My article titled Submission to DFID Consultation on International Development was pubilshed on International Policy Network on April 7, 2006.
1. What determines economic success and promotes economic growth in poor countries?
¡ñ How do factors such as a government¡¯s macroeconomic policy, investment, trade, the environment, or regional markets and institutions affect the private sector¡¯s ability to raise the levels of growth?
¡ñWhat are the obstacles to growth and how can they be removed?
9. How can the UK Government make sure that international trade negotiations deliver the benefits needed for developing countries?
¡ñHow can trade barriers be broken down so that developing countries get better access to regional and international markets?
The three factors that primarily affect economic performance in poor countries are weak rule of law and enforcement of property rights, rising levels of regulations that reduce competition and increase the cost of entrepreneurship, and finally, the institutionalization of political patronage and inevitable ensuing corruption. All the three factors are related in the sense that one invariably leads to the others.
At the root of this triad, is the belief that coercive power of the government needs to be mobilised to direct economic relief to the poor. This provides the basis for political intervention in the economy in order to correct for perceived inadequacies. This creates an environment where businesses must respond by seeking political patronage or protection, which encourages the spread of corruption, depending on the degree to which political intervention encroaches economic affairs. Political interventionists seek to overcome the resultant economic inefficiencies through macro-economic intervention.
The resulting inflation becomes a hidden tax on the poor to perpetuate privileges of the elite. Inflation on a large scale discourages investment climate and promotes capital flight. Without the ability to invest, the private sector can no longer promote economic growth. As political intervention is now firmly entrenched, the typical reponse is to impose further restrictions on capital movement and also increase trade restrictions, both of which only further distort the economy.
Technically, it is possible to argue that insulating the economy from political intervention will go a long way in eliminating these obvious distortions and pave the road for economic growth. However, without popular mandate, political authorities have neither the incentive nor the ability to break cosy relationship with vested interests. Therefore it is important to have a competitive political democracy, where political authorities must seek the mandate of the people and the political space exists for more creative political entrepreneurs to reach out to the people and build new political constituencies in support of the necessary reforms.
Without this political space, the sustainability of economic reforms will always remain in doubt. Therefore, it is important to understand the political economy of reforms, and factors that may shape an environment conducive for economic growth.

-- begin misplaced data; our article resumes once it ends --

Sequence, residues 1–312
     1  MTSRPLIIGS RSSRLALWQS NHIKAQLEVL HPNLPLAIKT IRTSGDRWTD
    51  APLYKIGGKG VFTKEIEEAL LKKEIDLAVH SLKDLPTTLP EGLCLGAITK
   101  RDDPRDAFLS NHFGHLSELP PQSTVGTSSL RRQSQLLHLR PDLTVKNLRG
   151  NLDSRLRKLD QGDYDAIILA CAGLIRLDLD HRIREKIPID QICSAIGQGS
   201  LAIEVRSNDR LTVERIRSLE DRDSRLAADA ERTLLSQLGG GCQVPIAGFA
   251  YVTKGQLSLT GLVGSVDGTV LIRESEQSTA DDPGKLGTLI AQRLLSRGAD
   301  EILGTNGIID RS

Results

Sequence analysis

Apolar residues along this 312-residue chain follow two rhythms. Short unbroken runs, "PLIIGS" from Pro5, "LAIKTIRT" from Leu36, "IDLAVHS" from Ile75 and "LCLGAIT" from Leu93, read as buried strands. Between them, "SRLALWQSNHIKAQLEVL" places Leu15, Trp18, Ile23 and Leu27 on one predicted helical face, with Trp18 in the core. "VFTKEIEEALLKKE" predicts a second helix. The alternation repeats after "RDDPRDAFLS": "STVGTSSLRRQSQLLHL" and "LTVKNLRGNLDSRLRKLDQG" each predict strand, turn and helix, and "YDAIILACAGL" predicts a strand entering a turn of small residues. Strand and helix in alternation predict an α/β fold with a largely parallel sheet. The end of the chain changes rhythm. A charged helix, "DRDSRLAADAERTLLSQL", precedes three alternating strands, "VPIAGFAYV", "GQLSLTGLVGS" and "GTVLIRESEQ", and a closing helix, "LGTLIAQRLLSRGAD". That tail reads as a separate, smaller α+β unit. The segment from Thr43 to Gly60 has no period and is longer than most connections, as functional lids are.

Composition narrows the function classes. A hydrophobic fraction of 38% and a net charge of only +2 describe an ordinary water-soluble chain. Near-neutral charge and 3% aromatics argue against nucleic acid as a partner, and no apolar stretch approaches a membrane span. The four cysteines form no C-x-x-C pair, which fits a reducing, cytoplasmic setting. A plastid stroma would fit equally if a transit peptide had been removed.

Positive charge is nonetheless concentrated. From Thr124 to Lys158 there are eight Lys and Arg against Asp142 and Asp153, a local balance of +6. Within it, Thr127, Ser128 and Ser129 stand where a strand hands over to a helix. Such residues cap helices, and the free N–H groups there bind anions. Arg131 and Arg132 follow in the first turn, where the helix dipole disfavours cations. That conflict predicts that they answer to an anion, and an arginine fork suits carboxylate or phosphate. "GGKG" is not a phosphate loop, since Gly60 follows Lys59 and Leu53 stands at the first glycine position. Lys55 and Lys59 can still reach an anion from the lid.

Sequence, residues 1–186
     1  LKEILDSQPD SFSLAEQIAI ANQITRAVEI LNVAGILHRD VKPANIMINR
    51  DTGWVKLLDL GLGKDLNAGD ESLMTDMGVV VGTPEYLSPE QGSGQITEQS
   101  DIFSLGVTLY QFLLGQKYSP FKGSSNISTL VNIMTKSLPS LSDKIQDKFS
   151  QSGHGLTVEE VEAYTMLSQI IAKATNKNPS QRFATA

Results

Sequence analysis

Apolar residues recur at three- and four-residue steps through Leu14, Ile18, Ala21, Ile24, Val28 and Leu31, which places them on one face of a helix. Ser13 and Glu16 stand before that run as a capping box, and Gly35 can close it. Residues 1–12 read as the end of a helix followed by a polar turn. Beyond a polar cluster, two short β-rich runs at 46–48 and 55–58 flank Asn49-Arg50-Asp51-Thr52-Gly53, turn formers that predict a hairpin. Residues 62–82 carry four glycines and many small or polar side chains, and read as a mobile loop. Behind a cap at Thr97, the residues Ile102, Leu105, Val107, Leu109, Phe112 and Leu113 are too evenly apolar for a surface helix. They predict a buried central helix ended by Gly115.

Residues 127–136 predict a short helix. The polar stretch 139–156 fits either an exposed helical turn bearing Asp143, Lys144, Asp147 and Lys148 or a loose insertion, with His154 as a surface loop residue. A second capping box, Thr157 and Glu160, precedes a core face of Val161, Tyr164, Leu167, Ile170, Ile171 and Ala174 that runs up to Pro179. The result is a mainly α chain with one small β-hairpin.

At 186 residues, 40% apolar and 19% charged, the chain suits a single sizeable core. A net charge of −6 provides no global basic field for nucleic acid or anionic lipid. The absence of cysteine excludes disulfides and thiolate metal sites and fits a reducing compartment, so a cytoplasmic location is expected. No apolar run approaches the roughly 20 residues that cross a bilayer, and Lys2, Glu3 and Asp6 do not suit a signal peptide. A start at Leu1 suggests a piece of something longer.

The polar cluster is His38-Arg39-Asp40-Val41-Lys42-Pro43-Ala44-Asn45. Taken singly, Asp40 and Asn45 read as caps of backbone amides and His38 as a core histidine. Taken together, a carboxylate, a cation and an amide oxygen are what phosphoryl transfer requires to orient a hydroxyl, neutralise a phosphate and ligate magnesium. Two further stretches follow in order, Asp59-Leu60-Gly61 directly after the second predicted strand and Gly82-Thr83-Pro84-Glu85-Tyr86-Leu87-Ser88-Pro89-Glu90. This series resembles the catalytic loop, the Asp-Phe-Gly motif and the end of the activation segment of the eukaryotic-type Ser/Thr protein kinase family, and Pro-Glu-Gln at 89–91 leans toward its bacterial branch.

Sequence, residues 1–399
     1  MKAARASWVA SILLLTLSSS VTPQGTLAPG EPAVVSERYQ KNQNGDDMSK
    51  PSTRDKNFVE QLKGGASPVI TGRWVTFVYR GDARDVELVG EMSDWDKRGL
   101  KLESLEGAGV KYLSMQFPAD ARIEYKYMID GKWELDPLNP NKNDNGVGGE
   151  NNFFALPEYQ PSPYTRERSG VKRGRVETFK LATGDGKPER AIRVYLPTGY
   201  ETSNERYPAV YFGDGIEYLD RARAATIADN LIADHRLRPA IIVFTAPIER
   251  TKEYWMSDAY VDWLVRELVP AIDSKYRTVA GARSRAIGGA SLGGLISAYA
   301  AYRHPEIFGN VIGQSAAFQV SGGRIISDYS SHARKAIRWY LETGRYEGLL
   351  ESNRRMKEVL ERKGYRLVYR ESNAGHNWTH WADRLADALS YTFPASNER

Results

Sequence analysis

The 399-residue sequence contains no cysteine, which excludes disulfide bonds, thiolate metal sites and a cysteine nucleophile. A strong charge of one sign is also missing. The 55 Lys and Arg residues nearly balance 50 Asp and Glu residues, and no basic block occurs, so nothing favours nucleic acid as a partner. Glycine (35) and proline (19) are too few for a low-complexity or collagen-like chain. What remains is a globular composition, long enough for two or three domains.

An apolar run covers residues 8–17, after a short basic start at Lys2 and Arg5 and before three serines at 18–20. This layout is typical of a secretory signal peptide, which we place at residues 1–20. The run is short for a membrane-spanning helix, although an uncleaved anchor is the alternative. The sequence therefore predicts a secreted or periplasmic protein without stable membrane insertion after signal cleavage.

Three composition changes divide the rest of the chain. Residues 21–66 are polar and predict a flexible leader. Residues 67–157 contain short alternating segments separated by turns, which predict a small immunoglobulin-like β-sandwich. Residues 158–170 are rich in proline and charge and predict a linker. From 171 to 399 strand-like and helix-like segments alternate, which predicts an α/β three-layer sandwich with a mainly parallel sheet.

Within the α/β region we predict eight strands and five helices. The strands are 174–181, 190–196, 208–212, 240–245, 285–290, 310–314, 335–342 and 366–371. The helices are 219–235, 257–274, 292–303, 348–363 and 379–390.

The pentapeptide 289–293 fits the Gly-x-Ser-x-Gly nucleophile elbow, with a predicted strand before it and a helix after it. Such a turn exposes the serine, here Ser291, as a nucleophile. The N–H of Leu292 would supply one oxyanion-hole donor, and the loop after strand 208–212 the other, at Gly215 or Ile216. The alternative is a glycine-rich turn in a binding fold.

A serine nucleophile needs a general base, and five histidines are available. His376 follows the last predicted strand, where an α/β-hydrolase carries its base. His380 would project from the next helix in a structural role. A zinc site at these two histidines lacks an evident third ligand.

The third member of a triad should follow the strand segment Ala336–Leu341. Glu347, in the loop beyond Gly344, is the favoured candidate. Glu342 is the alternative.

On the subject of trade, the WTO Ministerial Summit in Hong Kong provides another opportunity to examine what factors stimulated economic growth in the Special Administrative Region (SAR) area. The comparison with India have useful illustrations. While Hong Kong has far fewer natural resources than India, it is a far wealthier economy and boasts far more diverse sources of wealth creation and economic development. Hong Kong unilaterally embraced free trade and opened its borders to the outside world, based on the understanding that trade between people is not a zero sum game, but a process that leaves both parties, engaging voluntarily, better off.
However, India toyed with the belief that it had to develop internally before it could integrate itself with the outside world. After decades of attempts at self-sufficiency, Indian policymakers made substantial reforms after 1991. The reforms admitted that high trade barriers depressed growth and proved that attempts through government-supported industrial development to alleviate the country¡¯s substantial population living in absolute poverty were counterproductive.
Trade barriers are gradually coming down through the multilateral WTO process and entrepreneurial Indians are beginning to seize the opportunities a stable economic environment can bring. The benefits of lower trade barriers accrue not just to the entrepreneurial class, but to all Indians engaging in wealth creating activities. These are reducing poverty and providing more opportunities in order to ensure the Indian economy becomes less reliant on basic agriculture and is able to move into higher value-added economic activity. This proves the benefits of trade liberalisation are greatest for the 600 million Indians who currentlyhave no other choice but to rely on basic agriculture both as employment and subsistence.
Freer trade is a necessary but not a sufficient condition for sustainable economic development. The success of Hong Kong, which embraced unilateral free trade and other economic freedoms, as compared to India, which did not, not only illustrates this but also provides a guide for how trade negotiations should proceed at the bilateral and multilateral level. The free trade policy of Hong Kong was backed by a respect for the rule of law, strong and well-defined property rights, macro-economic stability, and minimal political intervention in the economy.
As one of the most influential countries in trade discussions, the UK has the opportunity to transfer this empirical evidence to the poorest ¨C and most protected ¨C countries in the world.